To some, drinking one makes you a snob. To others, it makes you a spendthrift. But neither of these perceptions may be particularly accurate — and in fact, the latte can tell us a lot about how America thinks about food, work and money.

Perhaps the latte's most popular association, at least currently, is with a certain level of affluence. Conservatives complain about "latte liberals" who are out of touch with the working class — in January, Newt Gingrich, former speaker of the House, derided Mayor Bill de Blasio's plan to fund universal pre-K with tax hikes for the wealthy as "small soy latte liberalism." A recent Atlantic story referenced "latte-sipping techies" in San Francisco. And last week, Erik Holm of The Wall Street Journal tweeted a note someone had left on a company coffee machine: "Latte not working. This is a recurring* problem, FYI." The note after the asterisk: "first world." (Mr. Holm says that the problem has now been fixed.)

But the notion that lattes are a sign of privilege may be off-base. Kyla Wazana Tompkins, a professor of English and gender and women's studies who's a former food journalist and the author of "Racial Indigestion: Eating Bodies in the 19th Century," told Op-Talk that "the latte, while it may be attached on a certain level to too much upper-class food knowledge and pretension, it really is no longer an upper-class drink." She explained: "No matter how many kale salads Starbucks puts in their case, Starbucks is a fast-food purveyor." The latte, she argued, "is a high-calorie food that's being pushed in an industrialized way largely to working-class people." And, she added, "it's important to think about the explosion of all of these industrialized lattes, all these frozen lattes, all the Frappuccinos, as links to a larger problem of creating cheap, high-calorie, low-nutrition food for working-class people."

Making latte seem upper class, though, may be to its purveyors' advantage: "The more that the latte can be attached to expressing a kind of elite class or race or gendered identity, the more profitable it is, no matter how many billions of them get sold by Tim Hortons or at your local gas station."

The latte may also stand for a particular attitude toward work and pleasure. Ms. Tompkins noted that "coffee is very much associated with heightened productivity," an association it had in the 18th and 19th centuries as well: "Coffee has always been tied, as a stimulant, to the Protestant work ethic." And Johannah King-Slutzky, who put the pumpkin spice latte in historical context at The Awl last year, told Op-Talk that lattes signify a kind of "combination of industry and relaxation": As with many desserts and coffee drinks, she explained, "in order to be marketed effectively, they need to indicate that you're working hard and that you deserve a break, and that 'you deserve a break' hinges on busy-ness."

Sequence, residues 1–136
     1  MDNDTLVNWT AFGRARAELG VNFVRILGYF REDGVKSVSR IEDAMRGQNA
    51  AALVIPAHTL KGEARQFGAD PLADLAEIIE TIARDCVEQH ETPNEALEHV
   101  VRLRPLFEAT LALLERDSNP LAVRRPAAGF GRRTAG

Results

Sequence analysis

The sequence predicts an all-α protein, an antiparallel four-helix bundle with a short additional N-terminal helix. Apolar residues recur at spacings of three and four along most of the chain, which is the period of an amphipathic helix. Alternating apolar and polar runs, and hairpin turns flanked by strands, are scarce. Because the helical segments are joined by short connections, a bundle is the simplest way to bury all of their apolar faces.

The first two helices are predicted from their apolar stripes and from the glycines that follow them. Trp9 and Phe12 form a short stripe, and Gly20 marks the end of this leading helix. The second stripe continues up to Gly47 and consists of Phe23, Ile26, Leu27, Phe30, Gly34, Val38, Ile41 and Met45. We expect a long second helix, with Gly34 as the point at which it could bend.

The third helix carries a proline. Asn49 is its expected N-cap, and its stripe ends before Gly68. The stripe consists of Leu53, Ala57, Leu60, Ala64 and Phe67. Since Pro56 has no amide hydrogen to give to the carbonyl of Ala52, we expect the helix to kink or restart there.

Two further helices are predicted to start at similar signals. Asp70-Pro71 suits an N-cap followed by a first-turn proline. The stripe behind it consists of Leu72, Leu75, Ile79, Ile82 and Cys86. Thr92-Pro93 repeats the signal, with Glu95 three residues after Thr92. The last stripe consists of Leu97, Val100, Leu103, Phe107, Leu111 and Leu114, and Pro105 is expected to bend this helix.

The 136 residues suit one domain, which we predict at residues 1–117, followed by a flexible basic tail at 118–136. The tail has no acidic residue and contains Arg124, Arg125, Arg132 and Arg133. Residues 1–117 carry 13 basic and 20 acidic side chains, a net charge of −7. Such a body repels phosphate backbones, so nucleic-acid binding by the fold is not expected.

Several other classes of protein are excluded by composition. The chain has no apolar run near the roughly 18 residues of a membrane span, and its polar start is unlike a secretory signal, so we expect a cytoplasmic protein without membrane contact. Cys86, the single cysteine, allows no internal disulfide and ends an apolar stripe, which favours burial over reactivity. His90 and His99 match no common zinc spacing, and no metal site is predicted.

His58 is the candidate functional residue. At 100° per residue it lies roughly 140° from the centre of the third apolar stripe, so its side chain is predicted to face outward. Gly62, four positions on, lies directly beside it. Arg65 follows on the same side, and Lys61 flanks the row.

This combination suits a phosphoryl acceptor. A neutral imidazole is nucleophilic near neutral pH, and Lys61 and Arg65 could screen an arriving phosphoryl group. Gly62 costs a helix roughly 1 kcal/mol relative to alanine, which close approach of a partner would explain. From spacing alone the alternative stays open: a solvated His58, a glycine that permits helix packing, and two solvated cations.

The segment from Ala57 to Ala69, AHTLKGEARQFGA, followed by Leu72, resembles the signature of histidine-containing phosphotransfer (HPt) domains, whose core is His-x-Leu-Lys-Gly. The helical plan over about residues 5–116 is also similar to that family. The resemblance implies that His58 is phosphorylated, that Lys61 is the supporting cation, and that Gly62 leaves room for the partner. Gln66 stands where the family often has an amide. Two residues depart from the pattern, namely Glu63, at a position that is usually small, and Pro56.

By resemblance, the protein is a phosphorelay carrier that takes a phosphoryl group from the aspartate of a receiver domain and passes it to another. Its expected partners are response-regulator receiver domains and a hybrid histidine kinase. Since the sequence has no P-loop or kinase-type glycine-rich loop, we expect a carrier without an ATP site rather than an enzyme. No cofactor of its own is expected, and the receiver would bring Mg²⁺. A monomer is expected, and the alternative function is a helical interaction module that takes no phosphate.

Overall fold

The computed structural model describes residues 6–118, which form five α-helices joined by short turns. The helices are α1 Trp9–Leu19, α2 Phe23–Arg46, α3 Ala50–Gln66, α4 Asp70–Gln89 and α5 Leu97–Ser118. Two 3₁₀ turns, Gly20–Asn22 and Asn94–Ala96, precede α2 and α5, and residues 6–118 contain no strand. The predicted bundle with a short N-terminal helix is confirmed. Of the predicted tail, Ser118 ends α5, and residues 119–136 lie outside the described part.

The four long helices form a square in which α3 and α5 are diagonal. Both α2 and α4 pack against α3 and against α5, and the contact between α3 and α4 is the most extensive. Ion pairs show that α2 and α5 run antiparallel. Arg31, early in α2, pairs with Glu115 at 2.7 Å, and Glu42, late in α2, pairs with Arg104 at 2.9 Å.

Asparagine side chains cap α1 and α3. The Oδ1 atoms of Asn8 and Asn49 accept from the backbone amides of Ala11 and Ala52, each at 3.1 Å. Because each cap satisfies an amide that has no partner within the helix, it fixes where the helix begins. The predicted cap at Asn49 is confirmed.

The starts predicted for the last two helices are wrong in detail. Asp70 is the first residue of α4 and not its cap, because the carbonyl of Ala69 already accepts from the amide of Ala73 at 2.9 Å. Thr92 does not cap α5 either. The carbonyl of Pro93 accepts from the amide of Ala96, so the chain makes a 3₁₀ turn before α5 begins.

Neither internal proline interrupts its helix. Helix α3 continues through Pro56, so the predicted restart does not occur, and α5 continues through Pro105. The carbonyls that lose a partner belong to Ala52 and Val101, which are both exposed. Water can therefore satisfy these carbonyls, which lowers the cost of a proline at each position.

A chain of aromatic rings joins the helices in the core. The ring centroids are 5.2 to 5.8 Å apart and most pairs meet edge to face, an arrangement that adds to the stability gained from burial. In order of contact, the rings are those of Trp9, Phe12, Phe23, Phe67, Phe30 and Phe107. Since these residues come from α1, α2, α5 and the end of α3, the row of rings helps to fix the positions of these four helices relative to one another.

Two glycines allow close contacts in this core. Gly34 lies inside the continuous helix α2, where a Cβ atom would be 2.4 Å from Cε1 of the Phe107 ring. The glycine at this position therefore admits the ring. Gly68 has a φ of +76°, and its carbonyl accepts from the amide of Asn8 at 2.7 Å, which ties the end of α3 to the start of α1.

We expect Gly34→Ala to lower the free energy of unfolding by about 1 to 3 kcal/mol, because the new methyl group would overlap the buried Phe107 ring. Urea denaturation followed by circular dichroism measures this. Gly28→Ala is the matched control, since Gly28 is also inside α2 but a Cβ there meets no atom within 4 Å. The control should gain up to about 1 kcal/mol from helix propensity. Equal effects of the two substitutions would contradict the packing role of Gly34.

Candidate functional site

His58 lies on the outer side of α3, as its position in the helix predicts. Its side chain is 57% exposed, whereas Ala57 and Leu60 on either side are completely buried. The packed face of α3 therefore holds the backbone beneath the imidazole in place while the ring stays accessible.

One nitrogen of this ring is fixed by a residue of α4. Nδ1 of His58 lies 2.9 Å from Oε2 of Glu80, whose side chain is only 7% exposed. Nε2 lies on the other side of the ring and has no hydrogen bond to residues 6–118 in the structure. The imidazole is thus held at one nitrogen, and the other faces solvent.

This combination may also make them perfect for social media. People Instagram their lattes in part to show off pretty latte art, said Ms. King-Slutzky, but lattes are also an ideal subject for the kind of sharing social networks promote. "You're encouraged to be doing something before you talk about it or take a picture of it," she explained, but "communicating that thing requires a lapse in whatever you're doing, so social media automatically includes that 'I'm taking a break from being busy' ethos."

Not everyone sees the latte break as well deserved. In the world of personal finance, lattes have become a symbol of superfluous indulgence, the thing you're supposed to cut out if you want to save money. In her book "Pound Foolish," Helaine Olen credits the personal-finance author David Bach with popularizing this idea, most notably in an appearance on the Oprah Winfrey Show in 2004. But, she writes, it started earlier — the earliest print reference she could find was a 1994 Money magazine piece advising readers to "wake up and smell the $3 caffe latte."

Ms. Olen told Op-Talk the latte might have become a personal-finance meme because "it's a luxury we both all indulge in and we see all the time" — spending money on a coffee drink is a lot more public and visible than spending on, say, medical care. And, she said, "we do have this thing in this country that other people's luxuries and little things they do every day are unnecessary, while our own are not so unnecessary."

But the emphasis on lattes, Ms. Olen said, has distracted us from the real financial problems most Americans face: The skyrocketing costs of housing, education and health care. These problems don't lend themselves to simple solutions: "It's not that easy to tell people how to cut back on going to the doctor."

And cutting out lattes may be easier for some than for others. Being able to buy the drink, Ms. Olen argued, has become "almost a sign of belonging" in the American middle class. "I do think there is a cruelty to it when you tell people that they shouldn't have it," she said. "It's really easy for somebody who's very wealthy to give up a sign in our culture that you can be in the middle class, because it's always easy to give something up if you know you can have it five minutes from now. But telling somebody to truly do without is something else."

For Ms. Tompkins, the way we talk about lattes — as signifier of wealth when they're not, as bank-breaking indulgence when they may not be — is a symptom of something larger: "The latte as a symbol has sort of disengaged itself from the actual use and the consumption of the latte as commodity," she said. "How does the symbolism of a thing get dislodged from the ways in which it's actually used and actually consumed? What is that except another way in which we're stopped from really looking at what problems actually exist?"

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